- When she was just a few months old, a mini donkey named Nix began having collapsing spells and lethargy
- Nix’s condition grew worse over the next several months, until she was falling from a standing position, had generalized weakness, and severe exercise intolerance
- At the Cornell University Hospital for Animals, Nix was diagnosed with third-degree atrioventricular block that was causing a pathological arrythmia; due to its severity, the Cornell team recommended either a pacemaker, or euthanasia
- Nix was a good candidate for a pacemaker, and it was decided to implant the device in a first-of-its-kind surgery for Cornell
- Nix is now home and healing well, and if the pacemaker continues to operate without complications, the lucky little donkey will is expected to live a normal life
Nix, an adorable miniature donkey who lives in Canandaigua, NY with her humans, Mindy and Carlton Lockwood, began having collapsing episodes and overall lethargy in the fall of 2020 when she was just a few months old. By February of this year, her conditioned worsened. She was falling from a standing position and her stagger when she walked grew more pronounced.
“When she fell, she was dazed for a few seconds and then would get back up. Several times she fell and rolled out of the pasture fence, which caused us even more concern for her safety,” Carlton Lockwood told the Cornell Chronicle.
Diagnosis: A Dangerous Pathological Arrythmia
Nix was taken to Cornell University Hospital for Animals for an echocardiogram and an ECG to record her heart’s rhythm. Based on the results, the veterinary team diagnosed Nix with third-degree atrioventricular block — the atria and ventricles of her heart weren’t communicating, resulting in a very slow and irregular heart rhythm.
The tests revealed frequent pauses of 20 to 30 seconds during which there were no heartbeats or blood flow to her body, which enlarged her heart. The insufficient blood flow to Nix’s brain and around her body for long periods resulted in episodes of collapse, weakness, and severe exercise intolerance.
There are two categories of arrythmias, physiological and pathological. Physiological arrythmias occur normally when animals such as horses and donkeys are relaxed, but disappear with stress, excitement, or exercise. Pathological arrhythmias like Nix’s are abnormal and dangerous.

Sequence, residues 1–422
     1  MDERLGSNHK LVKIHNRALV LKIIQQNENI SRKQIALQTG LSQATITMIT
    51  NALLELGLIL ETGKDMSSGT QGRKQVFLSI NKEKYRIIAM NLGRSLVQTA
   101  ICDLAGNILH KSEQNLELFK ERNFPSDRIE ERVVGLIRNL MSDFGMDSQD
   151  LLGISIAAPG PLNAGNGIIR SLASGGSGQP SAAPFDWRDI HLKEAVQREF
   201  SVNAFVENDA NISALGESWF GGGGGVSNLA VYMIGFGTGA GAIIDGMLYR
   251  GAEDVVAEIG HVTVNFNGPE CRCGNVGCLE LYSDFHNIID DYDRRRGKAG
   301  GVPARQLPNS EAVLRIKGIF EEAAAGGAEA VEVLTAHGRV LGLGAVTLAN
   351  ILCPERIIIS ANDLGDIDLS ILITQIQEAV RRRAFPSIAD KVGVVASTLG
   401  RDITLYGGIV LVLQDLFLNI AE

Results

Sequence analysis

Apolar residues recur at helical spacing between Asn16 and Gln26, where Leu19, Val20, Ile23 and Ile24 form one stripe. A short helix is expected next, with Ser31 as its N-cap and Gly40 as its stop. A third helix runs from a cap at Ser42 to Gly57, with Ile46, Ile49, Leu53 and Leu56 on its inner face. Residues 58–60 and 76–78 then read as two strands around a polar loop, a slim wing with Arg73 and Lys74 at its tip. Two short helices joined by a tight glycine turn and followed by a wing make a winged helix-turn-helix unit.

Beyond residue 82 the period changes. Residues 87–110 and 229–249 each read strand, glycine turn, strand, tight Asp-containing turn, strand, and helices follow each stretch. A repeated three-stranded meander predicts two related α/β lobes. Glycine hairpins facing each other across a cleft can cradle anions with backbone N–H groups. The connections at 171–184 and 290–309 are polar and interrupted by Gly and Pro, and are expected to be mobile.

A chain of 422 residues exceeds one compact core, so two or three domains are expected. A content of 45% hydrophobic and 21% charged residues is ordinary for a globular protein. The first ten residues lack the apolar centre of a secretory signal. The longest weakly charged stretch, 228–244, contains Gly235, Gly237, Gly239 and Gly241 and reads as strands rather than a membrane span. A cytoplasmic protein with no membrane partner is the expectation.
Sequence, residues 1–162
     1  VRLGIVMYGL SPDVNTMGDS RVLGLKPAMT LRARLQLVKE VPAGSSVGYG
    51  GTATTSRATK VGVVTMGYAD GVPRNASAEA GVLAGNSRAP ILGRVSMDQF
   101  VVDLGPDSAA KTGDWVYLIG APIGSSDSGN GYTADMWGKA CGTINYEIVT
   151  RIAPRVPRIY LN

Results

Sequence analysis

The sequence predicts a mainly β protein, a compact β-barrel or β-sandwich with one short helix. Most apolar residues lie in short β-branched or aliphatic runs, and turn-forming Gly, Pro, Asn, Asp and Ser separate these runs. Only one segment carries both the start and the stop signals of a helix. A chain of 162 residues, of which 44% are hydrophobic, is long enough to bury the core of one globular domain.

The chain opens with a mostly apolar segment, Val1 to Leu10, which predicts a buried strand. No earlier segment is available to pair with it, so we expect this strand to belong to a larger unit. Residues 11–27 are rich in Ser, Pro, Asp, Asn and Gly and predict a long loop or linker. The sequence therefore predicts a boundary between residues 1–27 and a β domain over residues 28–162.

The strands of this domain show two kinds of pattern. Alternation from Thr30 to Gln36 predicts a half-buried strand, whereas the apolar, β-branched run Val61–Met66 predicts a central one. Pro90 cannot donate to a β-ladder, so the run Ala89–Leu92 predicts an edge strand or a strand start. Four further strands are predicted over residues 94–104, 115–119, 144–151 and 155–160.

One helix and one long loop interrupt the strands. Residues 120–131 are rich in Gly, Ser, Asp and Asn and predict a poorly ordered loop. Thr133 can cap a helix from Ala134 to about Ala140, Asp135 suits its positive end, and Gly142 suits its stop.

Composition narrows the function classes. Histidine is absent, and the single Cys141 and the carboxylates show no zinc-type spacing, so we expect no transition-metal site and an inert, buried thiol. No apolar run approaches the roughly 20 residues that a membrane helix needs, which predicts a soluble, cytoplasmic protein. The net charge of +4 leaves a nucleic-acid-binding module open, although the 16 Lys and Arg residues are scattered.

“This is a pathological arrhythmia that we see pretty uncommonly in horses, but a little more occasionally in donkeys, and especially mini donkeys,” said Dr. Katharyn Mitchell, assistant professor in the Section of Large Animal Medicine, who oversaw Nix’s case at Cornell.
While the condition occurs more frequently in miniature donkeys than larger animals, it’s still considered rare. Given the severity of Nix’s arrhythmia and the frequency of collapse, Mitchell’s assessment was that she had only two choices — a pacemaker, or euthanasia, since her collapsing episodes would inevitably result in further self-trauma.
The good news was that because Nix was so young and had no other underlying problems, she was an excellent candidate for a pacemaker.
Nix’s Pacemaker Placement: A First for Cornell
Nix’s regular veterinarian, Dr. Joan Ayers of Genesee Valley Veterinary Hospital, met with the Lockwoods and Dr. Barbara Delvescovo, clinical fellow in the Section of Large Animal Medicine at Cornell University, to discuss her potentially fatal heart condition and the need for a pacemaker.
“It was either do nothing and Nix would continue to get worse and possibly have a painful death — or the pacemaker,” said Mindy Lockwood.
Implanting a pacemaker in a miniature donkey is a complicated procedure, and it would be the first of its kind in a large animal species at Cornell. But thanks to the collaboration and teamwork between Mitchell and Delvescovo from the large animal internal medicine service, Dr. Lawrence Santistevan of the cardiology service, members of the large animal soft tissue surgery service, the anesthesia service, and multiple hospital staff members, the surgery went well.
On the Road to Recovery
Immediately after her surgery, Nix showed significant improvement. With proper blood flow to her brain, she was able to walk normally, without lethargy or fainting spells. In the short-term, she’ll need to stay calm and have limited exercise, because if the pacemaker lead pulls out of the heart muscle or becomes infected, it would be hazardous to the little donkey’s health.
“We will keep her calm for the first month to lower these risks, and if everything looks OK, then we will increase the pacemaker’s rate a little bit so she can get up some speed and play with her mum in the paddock,” Mitchell said.
Once home, Nix was put in a small pasture with her mother to keep her activity low while she continues to heal. According to Lockwood, “She has been much more alert, she’s vocal and has her spunk back.”
At a recent recheck appointment, the pacemaker was working well, and Nix’s heart had only a mild reaction to the device’s lead. However, she ended up staying in the hospital a few extra days to receive treatment for skin issues her care team assumed were due to biting flies.
If the device continues to work well, Nix will live a normal life. She’ll need to return to Cornell each year for rechecks, and the battery in the pacemaker will require replacement in about seven to nine years.
Mitchell recommends that any signs of weakness, lethargy, exercise intolerance or collapse in ponies, horses and donkeys be investigated immediately. “There are some very treatable conditions that can be diagnosed and the appropriate therapy recommended,” she said.